The terminus point of Kraftwerk's Trans-Europe Express, Miami bass uses the showroom dummies'robo-funk to voice the bass-est, squishiest urges of the human body. (In other words, they talk about butts a lot.) The secret ingredient was the booming systems of the souped-up muscle cars that forever cruise Miami's downtown drag. MC ADE's 1985 anthem “Bass Rock Express” gave the genre a name, and it's survived, in one form or another, for twenty years. Miami bass is the primordial DNA of all southern rap music, from bounce to crunk.
By Dan Epstein on 04.22.11 in Reviews
Over the course of his four-decade career, Blowfly (the masked alter-ego of Miami producer/songwriter Clarence Reid) has compiled a body of work so gleefully raunchy and unapologetically offensive it's a wonder that...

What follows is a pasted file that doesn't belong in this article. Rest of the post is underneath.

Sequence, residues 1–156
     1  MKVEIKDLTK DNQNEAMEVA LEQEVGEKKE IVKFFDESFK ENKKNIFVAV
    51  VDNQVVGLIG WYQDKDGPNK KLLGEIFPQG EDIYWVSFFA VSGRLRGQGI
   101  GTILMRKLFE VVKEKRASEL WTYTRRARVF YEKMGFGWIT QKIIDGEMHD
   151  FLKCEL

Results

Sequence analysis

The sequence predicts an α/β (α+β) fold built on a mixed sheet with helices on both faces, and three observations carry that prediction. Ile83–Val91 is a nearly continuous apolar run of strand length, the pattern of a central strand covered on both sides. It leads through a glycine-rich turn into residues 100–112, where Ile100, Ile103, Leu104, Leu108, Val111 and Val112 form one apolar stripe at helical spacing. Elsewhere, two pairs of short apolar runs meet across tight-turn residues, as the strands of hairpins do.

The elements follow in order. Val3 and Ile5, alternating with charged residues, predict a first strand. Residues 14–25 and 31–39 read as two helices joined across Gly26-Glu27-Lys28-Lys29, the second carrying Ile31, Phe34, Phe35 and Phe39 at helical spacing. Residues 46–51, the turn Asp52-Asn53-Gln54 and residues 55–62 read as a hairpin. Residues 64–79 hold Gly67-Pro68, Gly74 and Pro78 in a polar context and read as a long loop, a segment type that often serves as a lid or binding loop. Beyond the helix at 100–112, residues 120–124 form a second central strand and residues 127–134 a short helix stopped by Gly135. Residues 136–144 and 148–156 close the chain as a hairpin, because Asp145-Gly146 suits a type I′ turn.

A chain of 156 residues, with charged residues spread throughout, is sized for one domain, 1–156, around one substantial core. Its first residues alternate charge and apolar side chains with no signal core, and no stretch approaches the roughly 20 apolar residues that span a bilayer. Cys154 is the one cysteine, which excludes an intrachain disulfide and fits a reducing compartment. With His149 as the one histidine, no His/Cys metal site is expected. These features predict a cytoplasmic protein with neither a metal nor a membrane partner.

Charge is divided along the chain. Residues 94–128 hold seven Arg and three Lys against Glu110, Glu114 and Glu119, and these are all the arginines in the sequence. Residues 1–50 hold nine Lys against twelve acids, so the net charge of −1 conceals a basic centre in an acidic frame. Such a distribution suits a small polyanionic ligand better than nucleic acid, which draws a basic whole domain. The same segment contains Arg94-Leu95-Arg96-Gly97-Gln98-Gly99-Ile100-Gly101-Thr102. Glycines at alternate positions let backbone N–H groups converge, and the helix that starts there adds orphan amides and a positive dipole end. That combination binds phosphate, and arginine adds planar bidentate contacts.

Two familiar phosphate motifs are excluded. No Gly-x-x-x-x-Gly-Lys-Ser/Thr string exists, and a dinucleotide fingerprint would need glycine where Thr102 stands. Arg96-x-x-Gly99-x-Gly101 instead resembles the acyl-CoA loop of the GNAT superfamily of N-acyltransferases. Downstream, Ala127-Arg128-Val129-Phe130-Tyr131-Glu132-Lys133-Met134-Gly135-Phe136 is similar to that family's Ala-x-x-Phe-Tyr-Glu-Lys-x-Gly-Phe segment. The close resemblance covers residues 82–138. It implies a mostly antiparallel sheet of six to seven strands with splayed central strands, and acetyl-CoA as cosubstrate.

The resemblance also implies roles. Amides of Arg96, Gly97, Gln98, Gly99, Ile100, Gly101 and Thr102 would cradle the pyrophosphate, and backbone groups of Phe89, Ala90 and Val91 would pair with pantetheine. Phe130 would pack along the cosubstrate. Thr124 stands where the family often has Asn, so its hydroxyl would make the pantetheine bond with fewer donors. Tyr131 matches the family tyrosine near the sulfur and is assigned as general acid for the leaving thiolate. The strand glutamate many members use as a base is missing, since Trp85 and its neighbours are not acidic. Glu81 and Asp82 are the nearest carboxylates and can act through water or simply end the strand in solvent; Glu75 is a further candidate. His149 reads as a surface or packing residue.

By James Sullivan on 01.24.07 in Reviews
"All you freaky residents, meet your first black president," the original dirty rapper chanted on this characteristically eccentric release, which gave new meaning to the terms political junkie and democratic p...
By Marc Hogan on 02.27.15 in News
The music will keep playing without commercial interruption. For now. On Thursday, the U.S. telecom watchdog voted to adopt tougher rules that would treat broadband internet service as a public utility, like landline...
By J. Edward Keyes on 02.26.15 in Features
When we launched Wondering Sound in March of last year, I wrote that the site's purpose was to be "a place where smart, opinionated writers can craft rich, detailed pieces for curious readers." As mission statements go,...